Using Web 2.0 technology to support humanitarian assistance and disaster relief operations : applying the lessons learnt from the United States Military response to the 2010 Haiti Earthquake to improve the utilisation of the New Zealand Defence Force's communications and information systems during humanitarian assistance and disaster relief operations : a thesis presented in partial fulfilment of the requirement for the degree of Master of Arts in Defence and Strategic Studies at Massey University, Manawatu, New Zealand

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Humanitarian Assistance and Disaster Relief (HA/DR) Operations are complex multidimensional environments requiring the deployment of a military force. These operations will have multiple agencies responding including military forces, emergency responders, United Nations agencies, None Government Organisations (NGOs) and Private Volunteer Organisations all of which specialising in the provision of the necessities of life to survive a disaster including food, shelter, water, sanitation, medical and logistics support. The coordination of the relief effort and ensuring resources are applied where they can achieve maximum impact is a significant challenge. Information and communications technology, and in particular the Internet, has matured to a level now where this technology can be used to aid with the coordination challenges facing the multiple responders in a HA/DR operation. This paper examines the command and control arrangements that the New Zealand Defence Force has in place to support deployment on HA/DR operations and looks at modern commercial information technology trends, labelled broadly as Web 2.0, and proposes ways that these trends in information and communications technology might be utilised to increase the effectiveness of a New Zealand Defence Force Deployment. It examines the use of Web 2.0 type technology that was used by the United States Military during their deployment to Haiti and compares this with the use of information and communications technology by the New Zealand Defence Force during a response to a major earthquake in Christchurch and on an HA/DR exercise in the South Pacific. It seeks to highlight ways that the New Zealand Defence Force might use information and communications technology to enhance responses to HA/DR incidents in the future.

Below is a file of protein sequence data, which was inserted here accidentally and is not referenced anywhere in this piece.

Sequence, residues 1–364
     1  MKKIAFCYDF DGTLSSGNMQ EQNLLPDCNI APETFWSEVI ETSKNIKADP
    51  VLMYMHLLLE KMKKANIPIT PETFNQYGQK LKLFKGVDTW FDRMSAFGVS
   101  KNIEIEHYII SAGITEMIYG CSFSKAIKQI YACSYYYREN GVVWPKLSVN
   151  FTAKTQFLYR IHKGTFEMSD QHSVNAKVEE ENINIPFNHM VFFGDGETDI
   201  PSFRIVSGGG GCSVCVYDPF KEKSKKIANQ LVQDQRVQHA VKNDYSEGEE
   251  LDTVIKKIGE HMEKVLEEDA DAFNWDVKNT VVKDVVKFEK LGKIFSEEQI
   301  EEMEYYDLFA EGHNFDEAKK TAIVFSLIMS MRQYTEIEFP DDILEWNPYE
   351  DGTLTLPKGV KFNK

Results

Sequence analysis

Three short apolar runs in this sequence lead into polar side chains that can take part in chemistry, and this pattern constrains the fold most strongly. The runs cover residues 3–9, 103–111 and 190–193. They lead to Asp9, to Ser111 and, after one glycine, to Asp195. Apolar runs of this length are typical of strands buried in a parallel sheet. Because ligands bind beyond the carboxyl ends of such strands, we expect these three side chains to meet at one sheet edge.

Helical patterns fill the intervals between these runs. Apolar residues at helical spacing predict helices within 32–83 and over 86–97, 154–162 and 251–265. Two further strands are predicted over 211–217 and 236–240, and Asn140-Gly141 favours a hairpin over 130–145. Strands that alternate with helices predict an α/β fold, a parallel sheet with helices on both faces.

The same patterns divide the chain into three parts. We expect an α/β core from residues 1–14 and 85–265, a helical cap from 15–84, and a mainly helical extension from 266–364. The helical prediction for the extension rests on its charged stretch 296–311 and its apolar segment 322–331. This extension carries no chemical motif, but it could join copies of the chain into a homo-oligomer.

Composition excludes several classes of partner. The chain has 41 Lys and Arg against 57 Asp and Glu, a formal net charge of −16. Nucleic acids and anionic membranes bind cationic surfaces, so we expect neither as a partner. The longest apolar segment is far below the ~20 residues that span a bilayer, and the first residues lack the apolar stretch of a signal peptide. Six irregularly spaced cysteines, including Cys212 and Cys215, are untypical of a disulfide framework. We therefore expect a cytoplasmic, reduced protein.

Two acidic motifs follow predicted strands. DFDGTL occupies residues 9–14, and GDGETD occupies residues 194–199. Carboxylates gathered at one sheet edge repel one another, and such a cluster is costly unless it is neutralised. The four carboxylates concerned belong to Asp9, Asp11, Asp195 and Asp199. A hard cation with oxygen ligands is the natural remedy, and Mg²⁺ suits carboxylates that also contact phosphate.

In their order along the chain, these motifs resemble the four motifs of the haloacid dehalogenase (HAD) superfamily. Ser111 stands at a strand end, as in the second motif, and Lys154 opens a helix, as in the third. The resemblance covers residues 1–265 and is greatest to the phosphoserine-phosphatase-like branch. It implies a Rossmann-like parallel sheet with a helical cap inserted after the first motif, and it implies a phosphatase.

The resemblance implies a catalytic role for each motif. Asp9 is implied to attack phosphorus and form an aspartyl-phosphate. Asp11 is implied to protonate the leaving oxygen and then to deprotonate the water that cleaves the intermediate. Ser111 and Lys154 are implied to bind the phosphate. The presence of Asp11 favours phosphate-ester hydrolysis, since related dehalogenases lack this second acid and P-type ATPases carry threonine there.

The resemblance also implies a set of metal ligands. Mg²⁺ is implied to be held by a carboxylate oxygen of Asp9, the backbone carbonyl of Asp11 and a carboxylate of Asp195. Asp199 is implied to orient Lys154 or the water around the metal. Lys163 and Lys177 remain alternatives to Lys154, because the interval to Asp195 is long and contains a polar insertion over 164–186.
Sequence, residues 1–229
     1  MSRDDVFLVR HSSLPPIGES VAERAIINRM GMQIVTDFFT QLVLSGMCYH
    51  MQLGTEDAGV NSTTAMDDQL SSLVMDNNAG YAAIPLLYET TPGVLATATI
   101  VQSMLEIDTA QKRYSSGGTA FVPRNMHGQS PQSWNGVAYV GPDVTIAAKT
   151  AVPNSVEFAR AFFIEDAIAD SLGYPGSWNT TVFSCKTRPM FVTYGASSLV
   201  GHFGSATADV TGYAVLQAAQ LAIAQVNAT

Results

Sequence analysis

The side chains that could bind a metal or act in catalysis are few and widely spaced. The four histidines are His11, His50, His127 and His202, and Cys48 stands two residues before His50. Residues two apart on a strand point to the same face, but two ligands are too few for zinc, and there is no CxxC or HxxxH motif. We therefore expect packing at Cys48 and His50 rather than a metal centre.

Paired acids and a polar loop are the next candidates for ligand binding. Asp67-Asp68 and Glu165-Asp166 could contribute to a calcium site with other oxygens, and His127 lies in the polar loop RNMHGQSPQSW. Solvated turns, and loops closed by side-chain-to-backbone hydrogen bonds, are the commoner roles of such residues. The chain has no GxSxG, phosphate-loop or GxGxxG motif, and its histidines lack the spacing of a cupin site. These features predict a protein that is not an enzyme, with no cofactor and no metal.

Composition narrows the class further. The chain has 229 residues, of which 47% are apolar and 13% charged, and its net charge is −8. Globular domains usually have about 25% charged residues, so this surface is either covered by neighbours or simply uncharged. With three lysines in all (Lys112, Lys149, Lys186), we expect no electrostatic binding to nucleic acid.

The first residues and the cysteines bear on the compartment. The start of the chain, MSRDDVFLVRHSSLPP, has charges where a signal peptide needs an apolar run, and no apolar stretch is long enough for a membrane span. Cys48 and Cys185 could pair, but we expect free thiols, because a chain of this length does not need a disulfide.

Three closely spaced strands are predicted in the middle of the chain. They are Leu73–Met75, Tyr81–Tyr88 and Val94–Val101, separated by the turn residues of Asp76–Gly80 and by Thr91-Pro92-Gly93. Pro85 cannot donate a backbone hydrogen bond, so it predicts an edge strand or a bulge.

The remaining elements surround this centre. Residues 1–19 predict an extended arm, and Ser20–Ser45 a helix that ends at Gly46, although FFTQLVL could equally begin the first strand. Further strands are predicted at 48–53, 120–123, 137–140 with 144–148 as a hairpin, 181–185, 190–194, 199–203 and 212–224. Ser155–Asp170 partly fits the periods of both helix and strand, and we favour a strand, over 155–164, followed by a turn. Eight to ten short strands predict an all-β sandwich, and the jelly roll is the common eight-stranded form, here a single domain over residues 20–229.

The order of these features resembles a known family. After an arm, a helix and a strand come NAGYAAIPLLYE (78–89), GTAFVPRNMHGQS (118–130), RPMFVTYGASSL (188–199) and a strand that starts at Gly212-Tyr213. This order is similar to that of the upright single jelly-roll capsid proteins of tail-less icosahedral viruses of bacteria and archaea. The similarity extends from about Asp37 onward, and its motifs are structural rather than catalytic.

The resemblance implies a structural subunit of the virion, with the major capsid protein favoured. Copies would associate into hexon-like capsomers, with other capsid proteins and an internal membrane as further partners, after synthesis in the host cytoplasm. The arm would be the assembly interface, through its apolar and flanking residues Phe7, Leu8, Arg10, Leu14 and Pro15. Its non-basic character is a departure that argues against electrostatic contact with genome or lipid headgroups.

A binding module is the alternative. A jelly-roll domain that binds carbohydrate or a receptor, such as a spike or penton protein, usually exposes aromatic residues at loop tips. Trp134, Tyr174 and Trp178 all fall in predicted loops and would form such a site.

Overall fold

Web 2.0, Information systems, Communication, Haiti earthquake, New Zealand Defence Force, United States Military, Disaster relief, Emergency relief, Emergency management, Humanitarian assistance, Humanitarian aid, International relief